You don’t need to be a UX pro to understand the basic tenets of digital usability. By adopting a “don’t make me think” attitude, associations can add an element of ease to the member experience.
Next week, I will be reporting live from ASAE’s Technology Conference and Expo. While I’m excited to participate in two days of programming, there’s a session on digital usability that I’m looking forward to sitting in on.
That session—led by Layla Masri, cofounder of Bean Creative, a web, mobile, and interactive design firm that specializes in usability—will show association professionals that you don’t have to be a user experience (UX) pro to make beautiful and easy-to-comprehend web design.
In fact, there’s a book by Steve Krug that can help you to study up on usability principles. Its title—Don’t Make Me Think—speaks to a philosophy that association professionals should keep top of mind for web design.
“You’re really talking about knowing how the brain processes information, and how we view and understand written and visual information,” Masri says. “Besides the ‘don’t make me think’ concept, usability is like oxygen—you don’t notice it until it’s missing.”
When good usability is missing, it’s easy for your members to get angry. You’re essentially adding to their cognitive load, Masri says. That means members will shut down or sign off, and for the association, it potentially squanders goodwill or a digital transaction.
These days, web and mobile services are essential for all types of customer experiences. According to a 2016 Forrester research survey, more than half of U.S. adults (53 percent) said they were likely to abandon an online purchase if they couldn’t find an answer quick enough.
And something as simple as an FAQ page can be extremely important—81 percent of those surveyed said they referred to these pages, which shows a clear preference for self-service online rather than going the more traditional route (i.e., speaking to a customer agent by phone).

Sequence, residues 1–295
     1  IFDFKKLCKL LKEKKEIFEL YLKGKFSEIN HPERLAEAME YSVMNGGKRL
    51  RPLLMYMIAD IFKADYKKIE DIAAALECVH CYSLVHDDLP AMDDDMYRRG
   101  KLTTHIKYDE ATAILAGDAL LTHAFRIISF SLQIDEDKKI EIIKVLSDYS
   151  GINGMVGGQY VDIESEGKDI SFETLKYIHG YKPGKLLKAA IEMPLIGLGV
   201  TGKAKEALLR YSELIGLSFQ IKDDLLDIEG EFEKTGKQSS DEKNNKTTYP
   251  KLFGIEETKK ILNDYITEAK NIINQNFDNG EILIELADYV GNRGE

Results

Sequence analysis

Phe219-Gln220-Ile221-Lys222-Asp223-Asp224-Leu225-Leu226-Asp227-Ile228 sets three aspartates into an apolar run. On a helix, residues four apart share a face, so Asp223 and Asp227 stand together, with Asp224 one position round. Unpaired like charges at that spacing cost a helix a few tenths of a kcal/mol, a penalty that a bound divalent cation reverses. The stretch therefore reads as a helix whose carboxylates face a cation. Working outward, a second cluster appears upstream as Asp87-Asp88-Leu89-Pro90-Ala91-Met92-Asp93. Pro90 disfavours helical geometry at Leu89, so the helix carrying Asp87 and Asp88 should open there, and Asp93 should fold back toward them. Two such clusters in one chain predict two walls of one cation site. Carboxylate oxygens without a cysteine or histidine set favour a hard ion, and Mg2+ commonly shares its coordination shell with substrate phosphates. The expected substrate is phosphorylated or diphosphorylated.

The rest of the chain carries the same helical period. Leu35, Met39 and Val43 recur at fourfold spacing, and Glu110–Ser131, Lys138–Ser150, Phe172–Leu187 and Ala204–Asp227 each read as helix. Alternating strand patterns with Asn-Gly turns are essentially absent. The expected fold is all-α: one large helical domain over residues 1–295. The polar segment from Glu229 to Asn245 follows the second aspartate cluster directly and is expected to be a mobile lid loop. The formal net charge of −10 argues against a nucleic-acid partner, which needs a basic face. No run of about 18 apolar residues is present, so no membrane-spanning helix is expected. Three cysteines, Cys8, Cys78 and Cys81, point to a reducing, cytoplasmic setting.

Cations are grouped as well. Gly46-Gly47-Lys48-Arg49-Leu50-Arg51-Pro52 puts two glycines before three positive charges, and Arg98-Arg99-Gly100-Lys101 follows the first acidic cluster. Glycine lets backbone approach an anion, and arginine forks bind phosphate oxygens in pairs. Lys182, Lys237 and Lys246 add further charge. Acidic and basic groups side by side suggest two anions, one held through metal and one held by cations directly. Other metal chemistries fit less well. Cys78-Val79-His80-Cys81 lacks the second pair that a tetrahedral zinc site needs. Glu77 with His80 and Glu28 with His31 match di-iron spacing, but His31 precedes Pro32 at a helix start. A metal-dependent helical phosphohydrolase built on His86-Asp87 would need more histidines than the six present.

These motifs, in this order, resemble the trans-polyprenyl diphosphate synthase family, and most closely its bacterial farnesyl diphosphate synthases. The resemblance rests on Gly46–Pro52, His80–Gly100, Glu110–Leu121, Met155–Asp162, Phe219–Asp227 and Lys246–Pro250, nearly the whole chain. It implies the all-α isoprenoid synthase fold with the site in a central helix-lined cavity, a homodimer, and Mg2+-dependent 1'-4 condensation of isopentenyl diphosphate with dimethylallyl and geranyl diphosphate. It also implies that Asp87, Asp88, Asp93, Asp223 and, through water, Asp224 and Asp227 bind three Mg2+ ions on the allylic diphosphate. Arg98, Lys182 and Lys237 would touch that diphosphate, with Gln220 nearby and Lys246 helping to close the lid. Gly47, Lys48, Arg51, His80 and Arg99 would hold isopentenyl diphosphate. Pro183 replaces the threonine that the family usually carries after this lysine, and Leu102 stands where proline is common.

“Really it’s all about your process,” Masri says. “A lot of it is getting out of your own way and remembering that being persuasive takes practice.”
Here are four key elements to help improve digital usability for your members:
- Keep your audience in mind. First and foremost, associations must visualize digital experiences as their members would. While that may seem obvious, it’s often where Masri sees most associations go awry. Organizations often ask new members too many questions or require too many clicks to achieve a conversion or sale. By simply analyzing the digital membership experience with an audience-centric mindset, associations can quickly make changes to increase speed and ease.
- Remember content is still king. Your members will stick with you if the information you provide is useful and applicable. There’s research to back this up, and you should pay close attention to scroll rate. “It seems almost counterintuitive, but often long-form pages have more conversions,” Masri says. “You want to test long-form versus short-form content and see how it performs. People respond well to long-form, as long as you have it chunked into manageable pieces.”
- Always be testing. There are many inexpensive tools that you can invest in to see how and why your audience is engaging with you online. A/B testing is one of the most rudimentary tactics that your membership team can take to message test. Another option is to ask yourself: What would Amazon do? “When in doubt, go look at how Amazon does it. They’re usually running a hundred different tests on a daily basis about what works,” Masri says. Testing is an essential element of any membership campaign, because “you don’t want to second guess whether a headline or value proposition will work the best.”
- Marry design with copy. A “don’t make me think” attitude means you can quickly scan a page and get what you need. When effective design and copy come together, it can produce big gains. “It may just mean tweaking an image or a call-to-action for greater conversion,” Masri says. Making these changes might also require breaking down a few work silos [ASAE member login required] that separate a marketing and communications department from a web design and development team.
How did a digital change improve usability for your members? Please share your own “don’t make me think” examples in the comments below.